Over the past few weeks I’ve been reflecting on my work in my new role as Superintendent. The greatest challenge I’ve experienced is to not be consumed by the day-to-day work and find time to slow it all down, making space for both reflection and professional reading. It’s analogous to the person who doesn’t find the time to exercise. Put it off long enough and you begin to see and feel the effects. In our field of education, reflection and professional reading together are the exercise of the mind, and I need to do better at making a more conscious effort to pause and reflect. When I do pause, I feel my mind is fresh and I’m physically re-energized. I’ll get there…
This past week, I was inspired to revisit Creativity, Inc., the story of innovation and creativity at Pixar Animation and Disney Animation written by President Ed Catmull. I shared a short post earlier when I read the book. The story of innovation and creativity at Pixar is inspiring, especially for those of us school leaders looking for ways to transform schools into more innovative and creative places and spaces. Even though we have a long way to go to transform our schools in Salisbury, I find myself drawn to the ideas Catmull writes about as we work to make school different.
In the final chapter, Catmull sums up the key ideas that drive innovation and creativity at Pixar. It has been fun to take each of the 31 firestarter ideas and think about how they might apply to what we are currently doing or need to do. Where are we falling short? And where are we doing some innovative work? I’m finding there are plenty of answers to both of these questions and much work yet to do!
As I reviewed the ideas summarized by Catmull, one in particular struck me and I made a connection to some of the work we are doing this month through the end of the school year.
Don’t wait for things to be perfect before you share them with others. Show early and show often. It’ll be pretty when we get there, but it won’t be pretty along the way. And that’s as it should be.
As educators, we’re good at hiding what we do. It’s easy to close our classrooms and make it a challenge to even visit the school. I know, it’s the fear of judgement. But we can overcome these perceived barriers and the fear of judgement by embracing transparency and sharing more widely what is going on in our classrooms and schools. Now more than ever, it’s easy with technology.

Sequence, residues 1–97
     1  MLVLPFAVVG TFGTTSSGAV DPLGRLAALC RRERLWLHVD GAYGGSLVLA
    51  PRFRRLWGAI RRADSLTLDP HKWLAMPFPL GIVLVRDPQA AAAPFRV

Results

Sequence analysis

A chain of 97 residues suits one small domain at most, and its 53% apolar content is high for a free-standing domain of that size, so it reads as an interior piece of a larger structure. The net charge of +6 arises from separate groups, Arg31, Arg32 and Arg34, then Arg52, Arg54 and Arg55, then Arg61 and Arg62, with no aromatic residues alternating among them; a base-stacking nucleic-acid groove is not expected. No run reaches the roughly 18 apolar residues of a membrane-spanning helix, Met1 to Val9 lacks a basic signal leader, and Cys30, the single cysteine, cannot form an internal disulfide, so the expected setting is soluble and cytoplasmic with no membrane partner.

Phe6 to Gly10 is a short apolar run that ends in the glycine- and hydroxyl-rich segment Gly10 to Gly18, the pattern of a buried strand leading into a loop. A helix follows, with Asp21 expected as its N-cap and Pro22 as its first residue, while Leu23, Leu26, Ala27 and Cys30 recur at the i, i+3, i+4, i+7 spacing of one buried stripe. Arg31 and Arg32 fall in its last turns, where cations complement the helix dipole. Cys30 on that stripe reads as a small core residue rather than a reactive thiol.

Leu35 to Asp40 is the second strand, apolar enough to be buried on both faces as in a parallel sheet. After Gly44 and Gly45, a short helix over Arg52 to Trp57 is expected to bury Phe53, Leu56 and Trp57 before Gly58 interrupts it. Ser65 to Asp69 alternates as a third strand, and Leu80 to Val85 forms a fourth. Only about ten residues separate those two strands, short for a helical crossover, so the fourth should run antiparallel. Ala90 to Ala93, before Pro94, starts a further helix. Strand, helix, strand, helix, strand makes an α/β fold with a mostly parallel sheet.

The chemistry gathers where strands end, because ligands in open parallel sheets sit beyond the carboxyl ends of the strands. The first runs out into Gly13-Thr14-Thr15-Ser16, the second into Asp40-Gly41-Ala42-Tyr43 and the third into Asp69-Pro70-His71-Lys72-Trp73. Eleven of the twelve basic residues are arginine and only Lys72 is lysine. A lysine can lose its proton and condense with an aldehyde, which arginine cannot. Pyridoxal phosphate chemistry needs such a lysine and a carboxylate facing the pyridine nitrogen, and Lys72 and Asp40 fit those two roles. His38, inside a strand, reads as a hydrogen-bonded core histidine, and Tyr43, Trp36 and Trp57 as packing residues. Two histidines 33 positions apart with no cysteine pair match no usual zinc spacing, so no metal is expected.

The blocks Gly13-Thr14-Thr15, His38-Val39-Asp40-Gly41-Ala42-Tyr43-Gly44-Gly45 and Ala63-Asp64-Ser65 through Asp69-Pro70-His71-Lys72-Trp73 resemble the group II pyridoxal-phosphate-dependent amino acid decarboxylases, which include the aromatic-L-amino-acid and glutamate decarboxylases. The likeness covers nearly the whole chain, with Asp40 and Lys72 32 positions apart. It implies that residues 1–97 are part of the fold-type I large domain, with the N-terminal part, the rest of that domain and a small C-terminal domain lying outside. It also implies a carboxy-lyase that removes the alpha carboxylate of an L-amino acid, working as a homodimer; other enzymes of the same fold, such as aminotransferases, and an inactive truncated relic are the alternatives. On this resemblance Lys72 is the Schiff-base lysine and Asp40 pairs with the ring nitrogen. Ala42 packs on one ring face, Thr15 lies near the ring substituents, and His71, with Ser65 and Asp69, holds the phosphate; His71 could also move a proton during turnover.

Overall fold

In Salisbury, we’re wrapping the year up with a project that provides a space for teachers and school leaders, district-wide, to share their work. With #STSDLearns, staff are encouraged to share snapshots of learning with the community through social media and offer a glimpse into the work our students and teachers are doing. Arguably, learning is more about process and less about product. Because we often feel the process isn’t worthy of “going public” and we fear criticism and judgement, we hide that work until it’s ready for prime time. When the work is “finished” there typically ends up being no time for sharing, and little ever gets pushed out. What a missed opportunity.
We need to work to change that routine. Why? For two reasons. First, because by hiding that work we deprive our students of a wider audience and potential feedback and interaction with other experts, not to mention the opportunity to develop their digital footprint. Second, We reinforce the traditional concept of school and our education system as not creative and not innovative. We want our schools to be vibrant places for learning. And in many ways they are. It’s our job as leaders to shape that reality and help share the work with our constituents. I hope that #STSDLearns contributes to a shifting culture where sharing our work and the work of our students is just another everyday occurrence. Check out the Storify from the first week of #STSDLearns!
How do you provide space for your teachers, students and leaders to “show early and show often”? Why do you think it’s important in a culture that values creativity and innovation?